Starting antiretroviral treatment (ART) early in the course of HIV infection when the immune system is stronger results in better long-term health outcomes compared with delaying ART, according to findings presented Friday at the IDWeek Conference in Washington, D.C.
The findings are based on an extended follow-up of participants in the National Institutes of Health-funded Strategic Timing of Antiretroviral Treatment (START) study. In 2015, START demonstrated a 57% reduced risk of AIDS and serious non-AIDS health outcomes among participants who began ART when their CD4+ T-cell counts—a key indicator of immune system health—were greater than 500 cells per cubic millimeter (mm³) compared with those who did not begin ART until either their CD4+ counts fell below 350 cells/mm³ or they developed AIDS. Following the 2015 report of these findings, the participants in the deferred treatment arm were advised to begin ART.
Approximately, 1.2 million people in the United States are living with HIV, and roughly 13% do not know they are infected, according to the Centers for Disease Control and Prevention. When HIV diagnosis and treatment are delayed, HIV continues to replicate. This can negatively impact the infected individual’s health and increase the risk of transmitting the virus to others.
The international START study proved the benefit of early ART initiation, but longer-term follow-up of 4,446 participants was undertaken to determine whether the health benefits of early ART compared with deferred ART increased, remained constant, or declined after the participants in the deferred arm were advised to begin ART. The primary study endpoints included the number of participants who developed AIDS; those who developed serious non-AIDS health conditions, such as major cardiovascular disease, kidney failure, liver disease and cancer; and those who died.
For participants who began ART before the end of 2015, the median CD4+ cell count at the time of ART initiation was 648 cells/mm³ for the immediate arm and 460 cells/mm³ for the deferred arm. The analysis presented today compared the primary study endpoints before the end of 2015, with those in the extended follow-up period, from Jan. 1, 2016, to Dec. 31, 2021. In the latter period, most deferred-arm participants were taking ART. During the second period, people initiating ART in the deferred group had rapid and sustained declines in HIV viral load (less than or equal to 200 copies/mL); however, CD4+ cell counts remained, on average, 155 cells lower compared with that of individuals in the immediate ART group. While the risk of serious health outcomes was substantially diminished soon after ART was initiated in the deferred treatment group, some excess risk remained compared with the immediate treatment group. The deferred ART group continued to have a somewhat greater risk (21%) of serious health consequences or death in comparison to the immediate treatment group. Twenty-seven cases of AIDS occurred in the five-year follow-up period in the deferred treatment group compared with 15 cases in the early treatment group. Similarly, 88 cases of serious non-AIDS health issues occurred in the deferred treatment arm compared with 76 cases in the immediate treatment arm. Lastly, there were 57 deaths in the deferred treatment group compared to 47 in the immediate treatment arm.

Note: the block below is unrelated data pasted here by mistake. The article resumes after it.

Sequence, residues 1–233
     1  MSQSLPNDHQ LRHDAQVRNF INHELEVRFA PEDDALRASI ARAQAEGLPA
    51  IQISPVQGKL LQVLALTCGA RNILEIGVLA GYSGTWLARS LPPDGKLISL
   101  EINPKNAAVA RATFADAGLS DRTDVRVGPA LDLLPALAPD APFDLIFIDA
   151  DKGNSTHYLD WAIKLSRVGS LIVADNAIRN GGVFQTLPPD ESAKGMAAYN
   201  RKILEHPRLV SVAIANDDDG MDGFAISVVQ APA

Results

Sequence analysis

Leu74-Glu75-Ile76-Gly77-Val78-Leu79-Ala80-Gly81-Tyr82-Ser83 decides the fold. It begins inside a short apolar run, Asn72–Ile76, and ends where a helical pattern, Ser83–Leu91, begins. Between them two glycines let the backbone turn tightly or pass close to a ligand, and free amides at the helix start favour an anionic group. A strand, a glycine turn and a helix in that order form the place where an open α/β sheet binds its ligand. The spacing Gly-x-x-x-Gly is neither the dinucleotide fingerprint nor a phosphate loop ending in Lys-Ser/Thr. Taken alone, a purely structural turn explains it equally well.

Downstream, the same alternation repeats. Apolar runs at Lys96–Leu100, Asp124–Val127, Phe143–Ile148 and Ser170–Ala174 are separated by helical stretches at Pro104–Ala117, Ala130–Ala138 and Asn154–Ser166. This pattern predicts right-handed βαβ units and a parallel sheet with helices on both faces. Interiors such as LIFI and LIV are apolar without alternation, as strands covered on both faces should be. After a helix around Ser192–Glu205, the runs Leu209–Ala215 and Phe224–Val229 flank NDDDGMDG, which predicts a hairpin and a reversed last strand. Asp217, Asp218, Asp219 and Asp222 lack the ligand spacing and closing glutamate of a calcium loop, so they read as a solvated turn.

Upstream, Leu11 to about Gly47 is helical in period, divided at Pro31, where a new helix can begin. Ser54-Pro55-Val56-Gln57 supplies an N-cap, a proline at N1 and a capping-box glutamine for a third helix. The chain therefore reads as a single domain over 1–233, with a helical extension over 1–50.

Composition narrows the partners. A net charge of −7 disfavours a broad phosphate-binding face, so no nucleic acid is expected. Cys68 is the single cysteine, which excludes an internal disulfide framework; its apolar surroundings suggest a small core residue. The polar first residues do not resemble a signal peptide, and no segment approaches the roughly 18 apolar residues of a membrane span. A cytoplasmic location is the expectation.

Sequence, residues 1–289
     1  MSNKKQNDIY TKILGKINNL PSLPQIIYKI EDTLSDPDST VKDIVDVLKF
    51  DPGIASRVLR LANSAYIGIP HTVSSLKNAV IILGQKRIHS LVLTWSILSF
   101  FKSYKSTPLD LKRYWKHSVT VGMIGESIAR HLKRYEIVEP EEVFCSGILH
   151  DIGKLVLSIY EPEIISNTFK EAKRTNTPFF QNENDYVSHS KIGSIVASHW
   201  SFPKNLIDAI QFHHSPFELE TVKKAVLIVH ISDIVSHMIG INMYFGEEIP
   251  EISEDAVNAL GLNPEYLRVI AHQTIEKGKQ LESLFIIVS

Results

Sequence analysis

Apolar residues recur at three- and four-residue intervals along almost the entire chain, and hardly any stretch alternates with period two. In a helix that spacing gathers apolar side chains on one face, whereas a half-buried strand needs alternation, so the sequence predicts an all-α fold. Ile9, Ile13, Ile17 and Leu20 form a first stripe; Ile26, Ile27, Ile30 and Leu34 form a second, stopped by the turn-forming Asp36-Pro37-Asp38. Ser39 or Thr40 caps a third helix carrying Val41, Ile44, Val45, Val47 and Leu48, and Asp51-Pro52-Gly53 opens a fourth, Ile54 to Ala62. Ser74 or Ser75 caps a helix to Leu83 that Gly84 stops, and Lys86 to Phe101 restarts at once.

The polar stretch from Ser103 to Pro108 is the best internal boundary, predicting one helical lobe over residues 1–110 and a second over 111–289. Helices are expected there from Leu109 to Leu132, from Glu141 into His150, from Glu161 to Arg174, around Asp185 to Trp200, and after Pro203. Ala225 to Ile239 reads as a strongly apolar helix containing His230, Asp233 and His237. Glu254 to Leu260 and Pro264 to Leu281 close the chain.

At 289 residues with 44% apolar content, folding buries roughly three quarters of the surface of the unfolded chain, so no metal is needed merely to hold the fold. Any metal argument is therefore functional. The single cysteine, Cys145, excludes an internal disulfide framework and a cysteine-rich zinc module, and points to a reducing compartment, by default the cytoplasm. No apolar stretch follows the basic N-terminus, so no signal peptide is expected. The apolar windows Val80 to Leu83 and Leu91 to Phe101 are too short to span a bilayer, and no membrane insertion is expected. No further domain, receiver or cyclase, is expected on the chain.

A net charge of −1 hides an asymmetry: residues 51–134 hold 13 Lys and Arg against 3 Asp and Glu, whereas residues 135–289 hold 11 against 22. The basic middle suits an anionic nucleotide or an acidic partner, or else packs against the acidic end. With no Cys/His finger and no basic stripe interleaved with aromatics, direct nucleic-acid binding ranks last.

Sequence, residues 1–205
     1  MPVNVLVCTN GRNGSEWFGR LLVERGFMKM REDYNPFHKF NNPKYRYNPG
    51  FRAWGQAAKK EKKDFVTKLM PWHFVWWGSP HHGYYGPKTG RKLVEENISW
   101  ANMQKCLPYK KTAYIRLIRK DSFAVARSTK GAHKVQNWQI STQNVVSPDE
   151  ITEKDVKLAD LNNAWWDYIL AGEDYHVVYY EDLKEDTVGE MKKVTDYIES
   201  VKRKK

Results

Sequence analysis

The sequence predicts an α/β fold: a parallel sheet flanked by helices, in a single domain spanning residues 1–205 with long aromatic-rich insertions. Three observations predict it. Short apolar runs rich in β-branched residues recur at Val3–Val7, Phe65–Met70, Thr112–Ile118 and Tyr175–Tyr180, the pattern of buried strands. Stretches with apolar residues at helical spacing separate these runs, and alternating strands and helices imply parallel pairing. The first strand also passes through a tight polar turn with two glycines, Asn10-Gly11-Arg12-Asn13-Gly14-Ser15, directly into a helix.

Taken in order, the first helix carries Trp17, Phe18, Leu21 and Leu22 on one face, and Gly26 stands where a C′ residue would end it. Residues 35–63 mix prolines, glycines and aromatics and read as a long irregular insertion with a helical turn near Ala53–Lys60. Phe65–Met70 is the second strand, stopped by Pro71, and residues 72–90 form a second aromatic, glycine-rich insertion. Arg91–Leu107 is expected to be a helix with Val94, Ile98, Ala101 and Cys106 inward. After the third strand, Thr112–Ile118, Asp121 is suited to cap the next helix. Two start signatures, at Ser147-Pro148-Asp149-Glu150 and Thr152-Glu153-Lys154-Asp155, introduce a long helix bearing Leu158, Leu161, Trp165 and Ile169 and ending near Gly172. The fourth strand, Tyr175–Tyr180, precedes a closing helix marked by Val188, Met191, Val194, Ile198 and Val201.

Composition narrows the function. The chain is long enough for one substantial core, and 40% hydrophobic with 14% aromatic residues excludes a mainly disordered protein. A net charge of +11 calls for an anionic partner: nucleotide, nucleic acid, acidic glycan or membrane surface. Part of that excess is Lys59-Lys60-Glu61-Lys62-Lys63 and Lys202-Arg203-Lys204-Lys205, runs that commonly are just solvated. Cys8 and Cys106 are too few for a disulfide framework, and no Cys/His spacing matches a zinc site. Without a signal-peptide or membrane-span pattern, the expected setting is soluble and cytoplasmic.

These findings confirm that ART significantly improves the health of an individual with HIV and reduce the person’s risk of developing AIDS and serious health issues, and that early diagnosis and treatment are key to maximizing these benefits and reducing risk, according to the presenters.
The START study and its extended follow up was conducted by the International Network for Strategic Initiatives in Global HIV Trials (INSIGHT), funded in part by the National Institute of Allergy and Infectious Diseases (NIAID), part of NIH. It was led by principal investigator James D. Neaton, Ph.D., of the University of Minnesota, Minneapolis, and START study co-chairs Abdel Babiker, Ph.D., of the University College London, and Jens Lundgren, M.D., of the University of Copenhagen.